A cursory look at data in education, healthcare, incarceration rates, and wealth does not instill a lot of hope about progress made in the past few decades. In fact, in areas like home ownership rates and wealth creation, we are losing ground. The “speaking apparatus” does not always produce measurable change. A lot of that is because of the vicious tentacles of racism and the resurgence of white nationalism. But some of this is on us and ineffective approaches to the important work of racial justice.[1]

Research and Advocacy from the Institute

In a resource titled Planning After Protest, I talked about the need to move from protesting to planning for change. I wrote in 2020 at the height of protests and dialogues happening across the country. I wanted leaders to maximize the opportunity we have to create real change. I like to think of moments like this as having three stages as detailed below.

Stage One Protest Creating awareness, Expressing moral outrage, Fostering sympathy (support)
Stage Two Educate/Advocate Explaining & interrogating the problems, Analyzing the history of slavery & racism
Stage Three Action (Plan & Organize) Developing outcomes-based plans & strategies, Specific asks to lawmakers, business leaders, philanthropic organizations, etc.

We stay on the first two stages – protesting injustices and holding forums that educate and advocate for change. These stages are incredibly important; but without real planning and attention to the mechanisms tasked with carrying out specific tasks and follow-through, we can be busy but do not deliver measurable change. Given sample data such as:

  • The Black community in America is on the path to zero wealth. The median Black household wealth is forecast to hit zero by 2053 (report by Prosperity Now and Institute for Policy Studies).
  • At just 41.7 percent, Black households have the lowest homeownership rate nationally—30.0 percentage points lower than white households (according to the Harvard Joint Center for Housing Studies)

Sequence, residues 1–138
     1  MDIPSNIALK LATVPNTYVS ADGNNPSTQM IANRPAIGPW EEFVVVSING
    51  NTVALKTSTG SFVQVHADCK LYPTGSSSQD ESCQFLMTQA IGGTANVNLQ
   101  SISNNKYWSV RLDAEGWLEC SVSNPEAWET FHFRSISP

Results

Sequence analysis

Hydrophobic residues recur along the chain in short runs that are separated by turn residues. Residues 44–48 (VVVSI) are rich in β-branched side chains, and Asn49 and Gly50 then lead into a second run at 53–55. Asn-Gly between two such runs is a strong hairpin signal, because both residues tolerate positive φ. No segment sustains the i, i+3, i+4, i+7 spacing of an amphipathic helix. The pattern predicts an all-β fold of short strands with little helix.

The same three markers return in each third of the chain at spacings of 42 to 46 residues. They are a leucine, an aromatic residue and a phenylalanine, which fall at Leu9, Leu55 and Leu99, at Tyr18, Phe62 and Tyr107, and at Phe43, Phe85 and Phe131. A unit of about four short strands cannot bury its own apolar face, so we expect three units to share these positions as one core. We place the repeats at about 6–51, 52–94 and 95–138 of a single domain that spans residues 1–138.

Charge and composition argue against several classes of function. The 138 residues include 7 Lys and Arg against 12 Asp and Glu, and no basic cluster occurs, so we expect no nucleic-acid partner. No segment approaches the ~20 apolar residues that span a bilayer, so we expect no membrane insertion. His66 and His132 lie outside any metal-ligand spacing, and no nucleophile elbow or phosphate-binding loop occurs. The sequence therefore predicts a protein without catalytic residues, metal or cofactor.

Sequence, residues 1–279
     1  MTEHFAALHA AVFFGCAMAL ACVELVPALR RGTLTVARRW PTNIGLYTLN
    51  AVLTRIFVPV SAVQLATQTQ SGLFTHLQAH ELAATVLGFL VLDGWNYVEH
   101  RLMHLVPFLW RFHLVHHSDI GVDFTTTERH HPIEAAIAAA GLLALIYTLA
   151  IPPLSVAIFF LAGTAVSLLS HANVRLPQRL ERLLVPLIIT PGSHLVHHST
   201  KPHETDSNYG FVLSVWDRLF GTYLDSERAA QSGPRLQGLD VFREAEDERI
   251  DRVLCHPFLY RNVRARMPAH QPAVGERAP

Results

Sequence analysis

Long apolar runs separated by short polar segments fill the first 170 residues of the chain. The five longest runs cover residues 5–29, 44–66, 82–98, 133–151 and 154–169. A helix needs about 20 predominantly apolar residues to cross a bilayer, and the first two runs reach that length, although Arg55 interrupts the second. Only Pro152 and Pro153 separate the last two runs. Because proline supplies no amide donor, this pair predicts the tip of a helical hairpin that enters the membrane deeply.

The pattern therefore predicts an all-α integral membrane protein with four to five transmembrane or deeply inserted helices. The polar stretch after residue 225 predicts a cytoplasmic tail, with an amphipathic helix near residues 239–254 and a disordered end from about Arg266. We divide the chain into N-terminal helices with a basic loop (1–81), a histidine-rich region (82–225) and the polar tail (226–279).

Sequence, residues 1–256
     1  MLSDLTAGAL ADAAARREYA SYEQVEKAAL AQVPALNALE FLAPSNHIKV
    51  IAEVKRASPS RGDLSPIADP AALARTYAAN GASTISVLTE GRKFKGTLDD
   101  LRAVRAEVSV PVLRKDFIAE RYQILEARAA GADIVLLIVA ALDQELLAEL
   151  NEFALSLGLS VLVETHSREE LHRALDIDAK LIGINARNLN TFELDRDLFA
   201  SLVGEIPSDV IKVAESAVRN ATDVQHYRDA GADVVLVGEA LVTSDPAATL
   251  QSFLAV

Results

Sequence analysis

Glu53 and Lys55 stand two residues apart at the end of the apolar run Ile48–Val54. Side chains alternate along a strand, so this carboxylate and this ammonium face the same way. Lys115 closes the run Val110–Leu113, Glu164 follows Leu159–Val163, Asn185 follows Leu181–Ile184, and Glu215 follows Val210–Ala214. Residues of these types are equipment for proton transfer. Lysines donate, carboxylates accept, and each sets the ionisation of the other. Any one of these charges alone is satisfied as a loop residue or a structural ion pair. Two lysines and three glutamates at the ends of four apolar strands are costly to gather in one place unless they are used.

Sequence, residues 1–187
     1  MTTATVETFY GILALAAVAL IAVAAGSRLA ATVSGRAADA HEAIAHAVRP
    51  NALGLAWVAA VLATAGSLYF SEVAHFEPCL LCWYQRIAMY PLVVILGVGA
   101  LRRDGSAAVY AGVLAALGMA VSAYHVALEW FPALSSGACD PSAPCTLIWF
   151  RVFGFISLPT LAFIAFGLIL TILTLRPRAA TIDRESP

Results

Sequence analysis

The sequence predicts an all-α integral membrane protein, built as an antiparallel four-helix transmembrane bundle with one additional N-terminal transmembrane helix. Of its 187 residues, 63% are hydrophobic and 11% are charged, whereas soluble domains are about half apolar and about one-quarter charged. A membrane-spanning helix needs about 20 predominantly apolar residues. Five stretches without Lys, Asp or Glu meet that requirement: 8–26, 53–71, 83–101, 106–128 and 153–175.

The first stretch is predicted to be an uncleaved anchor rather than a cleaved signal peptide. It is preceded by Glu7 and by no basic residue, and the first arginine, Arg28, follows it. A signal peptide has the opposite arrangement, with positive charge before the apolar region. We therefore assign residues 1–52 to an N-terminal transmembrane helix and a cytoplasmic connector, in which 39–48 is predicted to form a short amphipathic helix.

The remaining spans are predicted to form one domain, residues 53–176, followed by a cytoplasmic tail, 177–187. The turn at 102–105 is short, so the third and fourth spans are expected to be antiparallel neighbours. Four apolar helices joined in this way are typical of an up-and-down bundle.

• Automation trends and the lack of digital literacy skills are changing the nature of work and widening the racial wealth gap.
  • A dollar circulates among banks, shopkeepers, and other businesses nearly a month in Asian American communities, nearly 20 days for Jewish communities, 17 days for white Anglo-Saxon Protestant communities, and 6 hours for African American communities before that money flows out (according to Maggie Anderson, Our Black Year).
  • Less than 2 cents of every dollar an African American spends in this country goes to Black-owned businesses (according to Maggie Anderson, Our Black Year).

We need an “outcomes-based” approach to infrastructure issues confronting Black communities and the development of a twenty-five-year plan. This approach can help us move racial justice work from “talking” in public forums to the development of plans that led to incremental and measurable change. We need energy and financial resources for mechanisms that help us organize, focus, produce, and share data about our work followed up with corresponding policies that meet specific needs. That is change we can see, measure, and report to the public.[2] This belief informs work I will be doing with an international forum committed to racial justice work that I invite you to join in the coming months and years.

Brogdon’s Statement to the Permanent Forum of People of African Descent at the United Nations (April 2024)

On behalf of the 3.4-million-member National Baptist Convention of America, International (NBCA) and the Institute for Black Studies at the Baptist Seminary of Kentucky in Louisville where I serve as Executive Director, I make the following statement and recommendations.